When planning a new program, you must first perform a stakeholder analysis. Stakeholders refer to groups, community leaders, individuals, and other entities that will get affected by the program in question or who might have an influence on the outcome. You can record all the information you gather using a stakeholder analysis template.

Stakeholder Analysis Templates

How do you do a stakeholder analysis?

A stakeholder analysis involves 3 steps and as you do it, you use a stakeholder analysis template. After completing your analysis and your stakeholder list template, you can move forward with stakeholder management to determine how to communicate with each of the stakeholders. Before making your stakeholder matrix template, here are the steps:

  • Identify the stakeholders
    Start by finding out who are your stakeholders. As part of the process, you have to consider all of those who will get affected by your work, those who have power or influence over it, or those who have some level of interest in the results of your work.
    Although stakeholders can either be people or organizations, you ultimately need to communicate with people. As such, you have to know the right stakeholders within a stakeholder organization.
  • Prioritize the stakeholders
    Some of your stakeholders might have the capacity to either advance your project or block it. Some might show interest in what you’re planning while others might not even care. Therefore, it is your job to determine who you should prioritize.
    What you can at this step is to sort your stakeholders by classifying them based on the power they have over your work and how interested they are in it. The position you should allocate to each of the stockholders on the grid will determine the actions you will take with them. Consider these classifications:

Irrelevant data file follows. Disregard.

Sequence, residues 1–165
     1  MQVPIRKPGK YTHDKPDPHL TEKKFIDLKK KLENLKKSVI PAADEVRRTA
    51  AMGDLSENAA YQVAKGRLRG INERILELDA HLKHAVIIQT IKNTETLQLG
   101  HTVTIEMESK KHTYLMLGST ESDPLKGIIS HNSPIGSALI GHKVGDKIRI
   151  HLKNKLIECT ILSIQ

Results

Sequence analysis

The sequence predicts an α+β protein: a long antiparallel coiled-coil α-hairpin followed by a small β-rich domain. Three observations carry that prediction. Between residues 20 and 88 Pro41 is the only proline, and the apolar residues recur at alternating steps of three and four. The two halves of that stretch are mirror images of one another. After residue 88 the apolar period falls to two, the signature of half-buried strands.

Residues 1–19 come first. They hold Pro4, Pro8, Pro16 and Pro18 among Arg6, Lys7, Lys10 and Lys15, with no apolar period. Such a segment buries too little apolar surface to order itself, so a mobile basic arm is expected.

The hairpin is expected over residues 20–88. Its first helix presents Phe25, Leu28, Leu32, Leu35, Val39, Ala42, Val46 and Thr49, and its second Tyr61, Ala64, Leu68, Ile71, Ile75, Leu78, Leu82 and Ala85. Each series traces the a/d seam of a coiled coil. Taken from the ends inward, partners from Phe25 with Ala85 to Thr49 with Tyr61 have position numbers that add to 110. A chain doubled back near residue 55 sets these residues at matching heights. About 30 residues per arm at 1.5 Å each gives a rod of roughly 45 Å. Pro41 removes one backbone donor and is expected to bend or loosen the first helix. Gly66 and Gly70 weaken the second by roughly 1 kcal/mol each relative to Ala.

Highly-interested stakeholders who have high power
    You should manage these people closely. It’s important to engage them fully and make the most effort to keep them satisfied.
    Less-interested stakeholders who have high power
    You should keep these people satisfied. Put enough effort with these people to make sure that they feel satisfied, but too so much that they get bored with you.
    Highly-interested stakeholders who have low power
    You should keep these people informed. Give them enough information and keep communicating with them to make sure that there aren’t any major issues arising. These people are often very helpful, especially when it comes to the finer details of your project.
    Less-interested stakeholders who have low power
    Just keep monitoring these people but try not to bore them by trying to communicate with them excessively.
  • Understand the key stakeholders
    Finally, you have to find out how your key stakeholders feel about your work. You must also find the best ways to communicate with them and engage them. In most cases, people are usually quite candid about their views. Therefore, asking their opinions is usually the initial step to establish a lasting relationship with them.
    A very simple but effective way of summarizing the level of support you have with your stakeholders is to come up with a color-coding system. For instance, use the color green for your supporters and advocates, The color red for your critics and blockers, and the color orange for those who aren’t very interested.